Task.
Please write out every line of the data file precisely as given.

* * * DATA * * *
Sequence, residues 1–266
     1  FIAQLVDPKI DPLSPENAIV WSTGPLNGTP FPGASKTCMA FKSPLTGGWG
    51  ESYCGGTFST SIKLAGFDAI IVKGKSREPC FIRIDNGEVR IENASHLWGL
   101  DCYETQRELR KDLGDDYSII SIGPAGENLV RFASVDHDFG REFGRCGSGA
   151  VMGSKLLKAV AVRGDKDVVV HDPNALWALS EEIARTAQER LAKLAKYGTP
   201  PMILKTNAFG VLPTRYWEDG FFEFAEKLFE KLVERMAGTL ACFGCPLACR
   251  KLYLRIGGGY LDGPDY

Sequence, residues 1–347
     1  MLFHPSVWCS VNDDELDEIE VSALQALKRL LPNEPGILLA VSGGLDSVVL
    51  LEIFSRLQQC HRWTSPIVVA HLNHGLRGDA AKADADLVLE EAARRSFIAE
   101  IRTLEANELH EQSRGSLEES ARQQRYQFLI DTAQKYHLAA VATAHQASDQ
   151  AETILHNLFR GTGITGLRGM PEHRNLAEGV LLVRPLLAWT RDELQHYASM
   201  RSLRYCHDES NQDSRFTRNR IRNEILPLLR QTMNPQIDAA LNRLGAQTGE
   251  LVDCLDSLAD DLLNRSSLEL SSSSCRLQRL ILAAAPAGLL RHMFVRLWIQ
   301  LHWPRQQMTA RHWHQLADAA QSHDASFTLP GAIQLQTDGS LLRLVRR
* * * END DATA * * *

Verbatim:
Sequence, residues 1–266
     1  FIAQLVDPKI DPLSPENAIV WSTGPLNGTP FPGASKTCMA FKSPLTGGWG
    51  ESYCGGTFST SIKLAGFDAI IVKGKSREPC FIRIDNGEVR IENASHLWGL
   101  DCYETQRELR KDLGDDYSII SIGPAGENLV RFASVDHDFG REFGRCGSGA
   151  VMGSKLLKAV AVRGDKDVVV HDPNALWALS EEIARTAQER LAKLAKYGTP
   201  PMILKTNAFG VLPTRYWEDG FFEFAEKLFE KLVERMAGTL ACFGCPLACR
   251  KLYLRIGGGY LDGPDY

Sequence, residues 1–347
     1  MLFHPSVWCS VNDDELDEIE VSALQALKRL LPNEPGILLA VSGGLDSVVL
    51  LEIFSRLQQC HRWTSPIVVA HLNHGLRGDA AKADADLVLE EAARRSFIAE
   101  IRTLEANELH EQSRGSLEES ARQQRYQFLI DTAQKYHLAA VATAHQASDQ
   151  AETILHNLFR GTGITGLRGM PEHRNLAEGV LLVRPLLAWT RDELQHYASM
   201  RSLRYCHDES NQDSRFTRNR IRNEILPLLR QTMNPQIDAA LNRLGAQTGE
   251  LVDCLDSLAD DLLNRSSLEL SSSSCRLQRL ILAAAPAGLL RHMFVRLWIQ
   301  LHWPRQQMTA RHWHQLADAA QSHDASFTLP GAIQLQTDGS LLRLVRR